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Title III of the Every Student Succeeds Act: Summary & Provisions

Instructor: Yolanda Reinoso Barzallo

Yolanda holds a CELTA Cambridge, a Juris Doctorate, and a Master of Public Administration. She is a published author of fiction in Spanish.

This lesson gives you an overview of Title III under the federal law Every Student Succeeds Act. Title III has provisions regarding English language learners across the country.

History of ESSA

Before we go into Title III of the Every Student Succeeds Act (ESSA), let's learn a bit about its evolution.

Back in 1965, we had the Elementary and Secondary Education Act (ESEA). The whole purpose of this law, which remains today, was to regulate funding for school programs across the country so that all students access good school services. ESEA later got reauthorized during the Bush administration, which renamed it the No Child Left Behind Act (NCLB). Most recently, in December 2015, the NCLB was reauthorized again under the new name Every Student Succeeds Act (ESSA).

However, it is not only the name of the law what changed. With each reauthorization, the ruling administration was able to add provisions to each Title of the law depending on the country's new educational needs.

Title III of ESSA?

ESSA has a total of eight titles. You can think about titles as slices of the same cake. Title III has its own name, which is Language Instruction for English Learners and Immigrant Students. This means that Title III regulates the main aspects that have to do with English language sessions that schools provide to students whose first language is not English. Under ESSA, Title III changes in two main ways:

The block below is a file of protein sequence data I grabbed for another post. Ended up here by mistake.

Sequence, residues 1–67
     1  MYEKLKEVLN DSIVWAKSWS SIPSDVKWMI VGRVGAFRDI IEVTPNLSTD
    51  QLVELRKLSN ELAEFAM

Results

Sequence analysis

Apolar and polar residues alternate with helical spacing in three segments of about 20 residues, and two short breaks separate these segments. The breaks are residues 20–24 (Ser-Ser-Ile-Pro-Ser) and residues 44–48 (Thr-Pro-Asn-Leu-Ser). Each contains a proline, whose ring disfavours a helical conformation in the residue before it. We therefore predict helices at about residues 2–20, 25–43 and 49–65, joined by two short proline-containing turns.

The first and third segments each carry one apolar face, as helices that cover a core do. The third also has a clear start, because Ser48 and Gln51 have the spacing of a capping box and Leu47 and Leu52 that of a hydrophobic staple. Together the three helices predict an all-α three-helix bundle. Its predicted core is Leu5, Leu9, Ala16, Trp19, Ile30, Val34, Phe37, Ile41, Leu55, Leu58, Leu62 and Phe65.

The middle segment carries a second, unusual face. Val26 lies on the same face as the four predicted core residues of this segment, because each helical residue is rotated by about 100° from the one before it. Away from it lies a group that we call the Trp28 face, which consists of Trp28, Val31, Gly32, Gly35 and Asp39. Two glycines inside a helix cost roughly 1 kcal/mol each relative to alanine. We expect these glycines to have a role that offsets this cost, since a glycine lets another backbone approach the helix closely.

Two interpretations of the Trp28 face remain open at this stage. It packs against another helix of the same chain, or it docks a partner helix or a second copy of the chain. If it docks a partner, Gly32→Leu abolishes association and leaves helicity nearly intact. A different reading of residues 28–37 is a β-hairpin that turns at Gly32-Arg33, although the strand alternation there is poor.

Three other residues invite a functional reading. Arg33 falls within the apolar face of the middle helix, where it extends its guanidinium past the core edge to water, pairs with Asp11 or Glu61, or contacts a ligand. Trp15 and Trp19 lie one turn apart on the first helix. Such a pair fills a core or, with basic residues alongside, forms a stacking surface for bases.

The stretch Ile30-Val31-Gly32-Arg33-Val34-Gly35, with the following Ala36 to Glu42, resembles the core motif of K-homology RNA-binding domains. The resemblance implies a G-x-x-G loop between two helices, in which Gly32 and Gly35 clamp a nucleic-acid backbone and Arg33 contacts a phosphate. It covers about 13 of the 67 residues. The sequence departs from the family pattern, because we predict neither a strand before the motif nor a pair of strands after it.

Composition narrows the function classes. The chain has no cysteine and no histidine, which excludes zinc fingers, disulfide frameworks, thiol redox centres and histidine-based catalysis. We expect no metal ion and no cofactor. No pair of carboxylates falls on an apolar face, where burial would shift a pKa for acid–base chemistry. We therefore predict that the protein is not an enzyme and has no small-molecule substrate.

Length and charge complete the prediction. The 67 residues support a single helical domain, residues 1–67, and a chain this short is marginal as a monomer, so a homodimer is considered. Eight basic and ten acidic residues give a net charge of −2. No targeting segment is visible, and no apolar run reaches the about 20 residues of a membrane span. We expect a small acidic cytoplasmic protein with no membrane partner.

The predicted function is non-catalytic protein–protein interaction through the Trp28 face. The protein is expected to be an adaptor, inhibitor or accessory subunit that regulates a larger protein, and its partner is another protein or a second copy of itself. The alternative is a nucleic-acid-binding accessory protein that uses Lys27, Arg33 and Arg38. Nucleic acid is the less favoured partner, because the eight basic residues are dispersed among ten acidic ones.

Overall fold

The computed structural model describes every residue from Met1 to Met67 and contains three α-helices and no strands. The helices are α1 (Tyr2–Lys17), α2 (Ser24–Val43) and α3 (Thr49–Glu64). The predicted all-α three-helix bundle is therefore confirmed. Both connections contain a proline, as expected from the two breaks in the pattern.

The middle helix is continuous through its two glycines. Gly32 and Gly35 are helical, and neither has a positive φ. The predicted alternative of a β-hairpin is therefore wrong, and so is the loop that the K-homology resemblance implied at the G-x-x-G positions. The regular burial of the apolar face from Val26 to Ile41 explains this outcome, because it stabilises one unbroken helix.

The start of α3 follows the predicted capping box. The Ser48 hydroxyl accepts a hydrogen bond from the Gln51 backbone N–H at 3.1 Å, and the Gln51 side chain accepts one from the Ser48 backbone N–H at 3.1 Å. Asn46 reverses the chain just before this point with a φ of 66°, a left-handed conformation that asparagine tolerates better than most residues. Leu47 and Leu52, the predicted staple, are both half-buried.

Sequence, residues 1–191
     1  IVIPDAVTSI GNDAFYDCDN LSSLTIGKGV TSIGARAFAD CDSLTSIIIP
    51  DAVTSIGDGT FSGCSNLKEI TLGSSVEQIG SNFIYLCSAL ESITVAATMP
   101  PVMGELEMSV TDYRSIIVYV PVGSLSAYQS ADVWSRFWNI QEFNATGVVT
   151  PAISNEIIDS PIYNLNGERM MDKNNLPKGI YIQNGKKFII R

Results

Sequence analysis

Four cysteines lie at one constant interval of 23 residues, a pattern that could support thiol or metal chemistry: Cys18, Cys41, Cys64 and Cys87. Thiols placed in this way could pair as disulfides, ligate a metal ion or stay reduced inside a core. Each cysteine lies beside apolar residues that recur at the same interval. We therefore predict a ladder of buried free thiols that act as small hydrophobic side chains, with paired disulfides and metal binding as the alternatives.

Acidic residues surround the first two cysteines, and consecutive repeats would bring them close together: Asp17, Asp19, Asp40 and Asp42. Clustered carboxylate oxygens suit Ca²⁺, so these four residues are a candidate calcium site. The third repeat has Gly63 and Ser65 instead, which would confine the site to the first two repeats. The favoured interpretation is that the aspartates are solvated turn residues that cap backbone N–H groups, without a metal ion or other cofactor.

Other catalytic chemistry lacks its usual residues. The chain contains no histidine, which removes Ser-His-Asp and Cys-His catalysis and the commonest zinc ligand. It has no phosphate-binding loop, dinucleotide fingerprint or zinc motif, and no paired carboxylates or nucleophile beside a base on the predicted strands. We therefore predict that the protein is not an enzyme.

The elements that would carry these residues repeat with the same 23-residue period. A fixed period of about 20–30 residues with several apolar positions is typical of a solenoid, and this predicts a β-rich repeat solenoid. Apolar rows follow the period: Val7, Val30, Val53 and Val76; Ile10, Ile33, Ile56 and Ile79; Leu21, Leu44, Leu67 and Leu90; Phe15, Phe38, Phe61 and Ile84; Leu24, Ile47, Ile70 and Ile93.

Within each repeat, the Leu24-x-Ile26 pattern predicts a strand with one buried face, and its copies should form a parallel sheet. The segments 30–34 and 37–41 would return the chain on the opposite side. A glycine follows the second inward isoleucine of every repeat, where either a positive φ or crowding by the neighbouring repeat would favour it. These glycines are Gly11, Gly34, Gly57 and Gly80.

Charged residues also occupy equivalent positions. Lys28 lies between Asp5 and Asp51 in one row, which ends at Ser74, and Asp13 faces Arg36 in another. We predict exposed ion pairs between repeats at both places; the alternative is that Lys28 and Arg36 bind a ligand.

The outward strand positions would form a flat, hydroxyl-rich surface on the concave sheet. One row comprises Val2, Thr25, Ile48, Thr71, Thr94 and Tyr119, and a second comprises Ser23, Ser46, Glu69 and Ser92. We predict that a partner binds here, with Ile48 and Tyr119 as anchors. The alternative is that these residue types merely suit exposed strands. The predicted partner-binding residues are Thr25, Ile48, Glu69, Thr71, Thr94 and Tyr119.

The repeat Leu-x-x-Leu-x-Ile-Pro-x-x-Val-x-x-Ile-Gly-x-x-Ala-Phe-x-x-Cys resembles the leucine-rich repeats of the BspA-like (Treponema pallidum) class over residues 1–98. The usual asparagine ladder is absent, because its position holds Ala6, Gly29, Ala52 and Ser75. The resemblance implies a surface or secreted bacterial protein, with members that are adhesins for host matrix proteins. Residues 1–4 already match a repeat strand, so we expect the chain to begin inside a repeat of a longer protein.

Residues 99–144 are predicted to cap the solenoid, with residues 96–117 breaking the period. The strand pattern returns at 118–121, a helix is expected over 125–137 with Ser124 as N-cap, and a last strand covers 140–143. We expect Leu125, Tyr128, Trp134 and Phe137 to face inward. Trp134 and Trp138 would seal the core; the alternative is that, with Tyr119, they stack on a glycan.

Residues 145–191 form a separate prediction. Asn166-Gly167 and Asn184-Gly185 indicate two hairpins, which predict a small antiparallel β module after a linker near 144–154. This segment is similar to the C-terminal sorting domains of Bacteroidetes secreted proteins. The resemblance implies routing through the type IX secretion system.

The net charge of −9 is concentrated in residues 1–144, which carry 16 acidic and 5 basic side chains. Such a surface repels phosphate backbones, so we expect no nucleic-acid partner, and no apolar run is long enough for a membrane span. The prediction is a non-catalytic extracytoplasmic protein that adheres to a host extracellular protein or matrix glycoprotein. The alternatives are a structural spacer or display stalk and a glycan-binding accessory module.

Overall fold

• The accountability measures for ELL (English language learners) programs move to Title I. Thus, the statewide accountability system must include the performance of ELLs as part of the overall English proficiency for each state. In other words, before ESSA, all schools had to provide a separate report to their Department of Education. The report included specific information about the results of English language learners programs through scores English learners would get. Nowadays, schools simply include such results within the overall performance of their school; there is no separate report anymore.
  • The second main change is the increase in funding available to develop ELL programs.

Summary of Provisions under Title III

There are a few key provisions regarding ELL programs under Title III. The major considerations are funding, purpose, eligibility, reporting, and procedures for ELL programs.

Before we begin, let's clarify a couple of terms you need to be familiar with. First, we have local educational agencies (LEAs), which are school districts. Second, we have state education agencies (SEAs) , which are simply the different state departments of education.

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